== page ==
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Indianapolis mobile home park residents receive assistance from community

Posted at 1:17 AM, Sep 04, 2019
and last updated 2019-09-04 01:17:46-04

INDIANAPOLIS — The community is rallying to help members of a local mobile home community who were told they would have to leave and a lawmaker is calling for new legislation to prevent it from happening to others.

Residents of the I-70 Mobile Home Park are getting assistance with resources after multiple organizations decided they needed to step in after watching RTV6.

"I'm glad. I'm glad the people are listening. The people are taking note," Tonia Clark said.

After starting each day of the past two weeks with an uncertain future, the residents of the I-70 Mobile Home Park can breathe a little easier thanks to a free resource fair hosted in hopes of assisting and preparing 70 families to move from their mobile homes after the land owner opted to close the mobile home park instead of fixing $100,000 in water pipes.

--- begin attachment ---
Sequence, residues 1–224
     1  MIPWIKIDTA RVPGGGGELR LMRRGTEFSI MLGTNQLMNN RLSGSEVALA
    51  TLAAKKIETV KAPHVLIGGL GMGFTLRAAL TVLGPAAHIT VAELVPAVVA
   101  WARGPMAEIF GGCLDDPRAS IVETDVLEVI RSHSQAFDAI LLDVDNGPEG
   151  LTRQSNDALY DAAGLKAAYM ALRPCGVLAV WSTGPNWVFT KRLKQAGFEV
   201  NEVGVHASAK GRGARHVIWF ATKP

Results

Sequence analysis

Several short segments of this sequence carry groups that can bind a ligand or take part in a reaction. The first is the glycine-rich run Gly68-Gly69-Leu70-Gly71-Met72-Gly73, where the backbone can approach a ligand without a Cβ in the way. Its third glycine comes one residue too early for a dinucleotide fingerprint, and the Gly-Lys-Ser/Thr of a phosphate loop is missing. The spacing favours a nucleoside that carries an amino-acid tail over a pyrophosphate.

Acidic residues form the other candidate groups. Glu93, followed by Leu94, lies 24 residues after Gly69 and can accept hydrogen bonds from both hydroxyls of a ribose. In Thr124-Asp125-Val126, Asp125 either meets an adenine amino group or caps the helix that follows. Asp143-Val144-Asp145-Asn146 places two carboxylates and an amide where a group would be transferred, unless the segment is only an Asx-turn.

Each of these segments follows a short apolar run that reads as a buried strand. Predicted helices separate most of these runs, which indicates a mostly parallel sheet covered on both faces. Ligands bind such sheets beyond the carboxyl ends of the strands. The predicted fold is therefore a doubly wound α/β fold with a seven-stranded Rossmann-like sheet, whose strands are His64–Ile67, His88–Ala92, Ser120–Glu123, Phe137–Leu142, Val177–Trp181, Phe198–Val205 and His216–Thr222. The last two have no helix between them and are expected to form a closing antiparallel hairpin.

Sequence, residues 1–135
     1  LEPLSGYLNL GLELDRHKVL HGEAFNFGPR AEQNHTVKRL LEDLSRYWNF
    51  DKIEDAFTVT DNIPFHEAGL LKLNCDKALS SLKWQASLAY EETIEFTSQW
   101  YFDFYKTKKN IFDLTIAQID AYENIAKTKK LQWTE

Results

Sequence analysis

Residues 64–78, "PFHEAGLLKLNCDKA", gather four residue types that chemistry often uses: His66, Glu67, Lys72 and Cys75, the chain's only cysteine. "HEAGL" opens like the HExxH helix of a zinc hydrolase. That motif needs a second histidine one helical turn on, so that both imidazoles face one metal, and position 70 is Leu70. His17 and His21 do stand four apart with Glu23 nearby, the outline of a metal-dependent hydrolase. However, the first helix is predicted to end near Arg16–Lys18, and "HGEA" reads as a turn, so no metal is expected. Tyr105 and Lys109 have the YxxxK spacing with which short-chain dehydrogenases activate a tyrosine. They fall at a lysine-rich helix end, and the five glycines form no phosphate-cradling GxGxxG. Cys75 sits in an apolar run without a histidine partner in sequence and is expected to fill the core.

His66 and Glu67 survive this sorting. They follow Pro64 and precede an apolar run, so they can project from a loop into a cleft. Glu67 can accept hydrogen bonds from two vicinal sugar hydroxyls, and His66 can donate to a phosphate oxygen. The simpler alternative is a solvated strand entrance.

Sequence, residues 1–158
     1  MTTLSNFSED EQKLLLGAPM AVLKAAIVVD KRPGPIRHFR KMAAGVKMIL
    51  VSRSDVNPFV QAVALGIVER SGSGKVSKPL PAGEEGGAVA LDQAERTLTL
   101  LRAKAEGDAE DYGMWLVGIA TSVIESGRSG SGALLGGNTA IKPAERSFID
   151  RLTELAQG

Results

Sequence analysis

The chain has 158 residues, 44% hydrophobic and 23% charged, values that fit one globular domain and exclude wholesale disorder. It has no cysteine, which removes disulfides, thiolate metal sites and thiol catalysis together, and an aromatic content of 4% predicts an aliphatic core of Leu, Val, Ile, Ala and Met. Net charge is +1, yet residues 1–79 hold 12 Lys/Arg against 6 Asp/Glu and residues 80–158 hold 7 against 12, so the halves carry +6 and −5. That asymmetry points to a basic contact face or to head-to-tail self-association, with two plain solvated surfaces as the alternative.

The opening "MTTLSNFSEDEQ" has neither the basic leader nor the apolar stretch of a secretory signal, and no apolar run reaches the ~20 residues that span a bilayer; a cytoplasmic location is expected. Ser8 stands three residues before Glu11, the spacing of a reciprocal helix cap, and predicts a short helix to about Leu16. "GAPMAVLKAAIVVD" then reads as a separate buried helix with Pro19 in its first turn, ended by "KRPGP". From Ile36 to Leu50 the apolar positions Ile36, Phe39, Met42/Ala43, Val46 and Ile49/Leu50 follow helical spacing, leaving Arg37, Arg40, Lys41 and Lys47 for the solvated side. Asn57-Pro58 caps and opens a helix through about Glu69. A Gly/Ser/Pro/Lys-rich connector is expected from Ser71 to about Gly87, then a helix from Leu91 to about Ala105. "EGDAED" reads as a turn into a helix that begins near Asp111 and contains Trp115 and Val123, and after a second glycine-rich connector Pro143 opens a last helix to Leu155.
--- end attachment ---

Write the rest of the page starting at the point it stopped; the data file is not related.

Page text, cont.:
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"We have the health department here today," Lisa Laflin said. "We actually have a moving company that is offering deep discounts on their services. Two different legal entities and affordable housing provides."

The wide-ranging resources organized will help point Clark and her neighbors in the direction of their next moves. For some, it could be filing lawsuits. For others, it's about finding a place to lay their heads. But now that task is a little less stressful.

"I didn't have any anxiety last night, knowing that I was coming to this resource fair, knowing that we have to be out by Oct. 15, Clark said. "There was no anxiety there because I knew I had assistance. I knew I had people that had my back."

RELATED |Indianapolis mobile home park residents forced to move out get answers from local attorney

Among those people is State Rep. Justin Moed (D-Indianapolis). He said he is considering legislation that would offer more protections for mobile home owners in Indiana after watching RTV6's story uncovering the little notice residents in mobile homes are offered before being forced out of a place they own.

"These folks are going to have to figure out how to move their home, an entire house," Moed said. "And we need to make sure that state law provides them with an adequate time to be notified that this is coming and make sure the property owner has given adequate time for the residents to move on."

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